The Short Version

I discovered my love for photography when I moved across the country on my own at 17 and found myself lost in the landscape of clouds, mountains, and desert known as Utah. I’ve since moved back to New England (despite the number of Stephen King books I’ve read), but still travel whenever I can. I’m an old soul, black-and-white movie lover, and a full-time daydreamer. I am forever inspired by people who are passionate about something. I’m a wannabe van-lifer, but not the down-by-the-river kind my dad always teases me about. I’m a longtime advocate of rolling the windows all the way down (even in the winter), and that good music somehow sounds even better when it’s a little louder. I could eat Mexican food every day and never, ever get sick of it, and I also enjoy (intentionally) funky cheeses, scenic walks, and buying books that I forget to read. It’s taken my whole life to figure out exactly what I want to do with my time here, but I have always loved stories; I think I was always meant to be a story teller.

The Significantly-Longer Version

It began with Egypt.

If you asked most kids want they want to be when they grow up, they’d probably say something like astronauts or veterinarians but I wanted to be an archeologist. (Or also someone who got to do cool exterior paint detail on cars and motorcycles.) I was totally fascinated with the first archeology image I ever saw, back in 1996(ish?) when The Valley of the Golden Mummies was first discovered. I could not believe the things that were found buried in the ground; how old they were, or how long they had been just under the surface of the earth, quietly waiting to be discovered.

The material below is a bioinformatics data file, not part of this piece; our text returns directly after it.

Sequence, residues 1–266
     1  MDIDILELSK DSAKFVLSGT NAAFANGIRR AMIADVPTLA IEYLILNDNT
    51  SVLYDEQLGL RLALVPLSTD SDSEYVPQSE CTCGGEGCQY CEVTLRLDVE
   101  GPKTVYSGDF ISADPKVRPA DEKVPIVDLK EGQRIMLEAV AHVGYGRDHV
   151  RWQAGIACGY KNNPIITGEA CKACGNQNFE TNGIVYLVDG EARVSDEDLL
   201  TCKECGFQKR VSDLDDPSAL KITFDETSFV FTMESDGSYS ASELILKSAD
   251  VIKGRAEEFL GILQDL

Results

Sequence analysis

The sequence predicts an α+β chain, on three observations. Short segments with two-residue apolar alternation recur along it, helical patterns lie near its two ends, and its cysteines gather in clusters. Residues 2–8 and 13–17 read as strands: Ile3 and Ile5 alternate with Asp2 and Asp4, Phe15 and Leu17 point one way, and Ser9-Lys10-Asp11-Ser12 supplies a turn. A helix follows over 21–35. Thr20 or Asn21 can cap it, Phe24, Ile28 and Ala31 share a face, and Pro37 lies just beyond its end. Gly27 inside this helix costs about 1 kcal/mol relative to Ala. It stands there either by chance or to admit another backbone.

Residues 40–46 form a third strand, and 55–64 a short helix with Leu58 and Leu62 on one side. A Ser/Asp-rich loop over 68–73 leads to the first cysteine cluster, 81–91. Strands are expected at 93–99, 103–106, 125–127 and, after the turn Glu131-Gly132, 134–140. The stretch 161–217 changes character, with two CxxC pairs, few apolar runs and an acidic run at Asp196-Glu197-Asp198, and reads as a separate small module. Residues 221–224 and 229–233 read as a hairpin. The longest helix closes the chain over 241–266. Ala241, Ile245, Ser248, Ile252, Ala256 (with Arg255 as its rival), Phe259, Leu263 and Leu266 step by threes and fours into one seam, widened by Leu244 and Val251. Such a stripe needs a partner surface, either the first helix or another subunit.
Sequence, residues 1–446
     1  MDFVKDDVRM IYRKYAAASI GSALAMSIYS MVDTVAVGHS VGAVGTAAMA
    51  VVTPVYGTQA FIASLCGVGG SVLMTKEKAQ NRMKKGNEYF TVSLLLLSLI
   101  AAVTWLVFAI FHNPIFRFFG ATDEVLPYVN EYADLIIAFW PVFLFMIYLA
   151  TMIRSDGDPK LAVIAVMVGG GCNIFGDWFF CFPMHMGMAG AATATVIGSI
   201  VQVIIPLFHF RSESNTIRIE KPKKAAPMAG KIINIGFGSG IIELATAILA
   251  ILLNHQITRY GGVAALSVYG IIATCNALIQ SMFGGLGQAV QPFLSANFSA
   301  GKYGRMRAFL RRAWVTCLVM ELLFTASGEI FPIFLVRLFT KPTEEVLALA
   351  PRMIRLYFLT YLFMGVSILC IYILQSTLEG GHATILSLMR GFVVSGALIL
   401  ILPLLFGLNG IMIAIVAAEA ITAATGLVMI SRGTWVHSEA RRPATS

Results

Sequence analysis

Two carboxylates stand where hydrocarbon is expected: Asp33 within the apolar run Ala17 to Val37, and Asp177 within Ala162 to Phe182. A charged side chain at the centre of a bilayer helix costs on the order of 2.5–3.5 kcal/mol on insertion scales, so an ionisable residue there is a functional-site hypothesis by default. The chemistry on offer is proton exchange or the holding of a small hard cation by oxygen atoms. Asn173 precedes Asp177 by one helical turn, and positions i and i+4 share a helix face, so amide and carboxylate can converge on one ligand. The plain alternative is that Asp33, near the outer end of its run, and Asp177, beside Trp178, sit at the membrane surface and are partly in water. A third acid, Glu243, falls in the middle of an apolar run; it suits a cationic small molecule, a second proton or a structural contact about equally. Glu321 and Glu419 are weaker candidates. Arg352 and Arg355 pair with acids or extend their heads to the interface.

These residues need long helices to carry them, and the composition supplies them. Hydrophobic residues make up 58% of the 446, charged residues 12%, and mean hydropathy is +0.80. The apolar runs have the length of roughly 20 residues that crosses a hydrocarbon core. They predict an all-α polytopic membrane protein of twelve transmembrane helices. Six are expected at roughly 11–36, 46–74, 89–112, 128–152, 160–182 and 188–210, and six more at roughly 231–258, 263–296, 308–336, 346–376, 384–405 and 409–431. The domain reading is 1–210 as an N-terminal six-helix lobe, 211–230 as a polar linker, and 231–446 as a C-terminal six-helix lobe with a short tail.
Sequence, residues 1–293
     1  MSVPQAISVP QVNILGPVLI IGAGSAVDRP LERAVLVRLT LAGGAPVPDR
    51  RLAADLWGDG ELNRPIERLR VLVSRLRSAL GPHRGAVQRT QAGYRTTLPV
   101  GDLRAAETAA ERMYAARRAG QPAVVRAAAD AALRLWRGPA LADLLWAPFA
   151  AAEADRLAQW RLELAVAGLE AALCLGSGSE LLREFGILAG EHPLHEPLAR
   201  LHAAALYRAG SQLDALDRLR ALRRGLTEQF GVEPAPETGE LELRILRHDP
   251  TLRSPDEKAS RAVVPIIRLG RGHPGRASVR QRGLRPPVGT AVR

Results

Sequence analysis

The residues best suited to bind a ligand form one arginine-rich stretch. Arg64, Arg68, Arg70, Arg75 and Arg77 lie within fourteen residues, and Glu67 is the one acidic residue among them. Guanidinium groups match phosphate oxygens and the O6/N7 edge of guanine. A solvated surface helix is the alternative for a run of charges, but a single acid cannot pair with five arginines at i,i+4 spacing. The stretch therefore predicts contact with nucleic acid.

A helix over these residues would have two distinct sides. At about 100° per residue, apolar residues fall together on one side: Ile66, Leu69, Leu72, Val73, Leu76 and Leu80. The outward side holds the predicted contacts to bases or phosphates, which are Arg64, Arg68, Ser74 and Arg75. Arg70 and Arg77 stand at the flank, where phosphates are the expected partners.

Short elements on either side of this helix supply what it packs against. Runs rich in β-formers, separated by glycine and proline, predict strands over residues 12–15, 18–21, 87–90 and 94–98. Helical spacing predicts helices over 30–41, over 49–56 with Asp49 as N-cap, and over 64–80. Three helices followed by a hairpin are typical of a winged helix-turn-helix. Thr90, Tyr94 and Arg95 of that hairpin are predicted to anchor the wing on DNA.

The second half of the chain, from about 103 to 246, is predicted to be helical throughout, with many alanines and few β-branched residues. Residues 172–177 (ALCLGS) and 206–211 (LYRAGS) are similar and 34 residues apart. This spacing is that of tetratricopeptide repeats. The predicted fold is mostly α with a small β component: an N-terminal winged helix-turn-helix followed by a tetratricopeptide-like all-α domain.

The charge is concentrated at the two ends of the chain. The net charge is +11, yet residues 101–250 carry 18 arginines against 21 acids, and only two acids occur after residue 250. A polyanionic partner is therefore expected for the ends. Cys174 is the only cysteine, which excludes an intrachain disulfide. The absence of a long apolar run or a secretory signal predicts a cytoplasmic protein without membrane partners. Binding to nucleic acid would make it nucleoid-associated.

This prompted my five-year-old(ish?) self to spend countless hours digging. In the sandbox, in the garden (sorry dad!), at the base of trees-anywhere something good might have been buried. (Unfortunately my backyard was never the treasure trove I’d hoped it was, and usually the only thing I ‘unearthed’ were ‘tootsie-rolls,’ as my mother called them, from the sandbox. These were a near-constant "gift" from the neighbor’s cat which always required a rigorous hand washing or bath upon discovery.)

In addition to realizing that statues of giants could have been sleeping just under my feet, these statues were representations of someone-someone royal, a deity; someone with a story. That’s where my love for mythology began. My father told me of Anubis and Horus and Perseus and Medusa and they were better than any stories I’d ever heard. (Sorry Toad On the Road.) My love for mythology spread from one ancient world to the next, spanning the globe and as far back into written history as I could go. That’s when I decided I would become a writer.

It's kind of funny, because for a long time when I was younger, I hated reading. I absolutely loathed it. I'd rather sit at the kitchen table for an hour after everyone else had finished dinner and eat cold brussel sprouts than read. (True story.) Then, unexpectedly, on a day that began just like any other, it happened. I read my first good book. The first book that made me want to keep reading, more than just the prescribed number of chapters for school. (For anyone interested, it was called, 'The Last of the Really Great Whangdoodles' by Julie Andrews Edwards.) (Yes, really.) Now, I couldn't tell you today what was so Really Great about those Whangdoodles, but whatever it was must have been pretty amazing because suddenly I was a reader. I was begging to go to the bookstore and spend afternoons running my fingers down paper spines, getting lost in the stacks of pages and the smell of paper and ink. I devoured whatever I could get my hands on. This started my (still current) trend of only really being able to read cover-to-cover; If I'm going to read a book, I'm going to sit right here and read it until it's finished, all at once. If it's good enough, sleep can wait. There will be snacks, of course, but mostly, there will just be reading.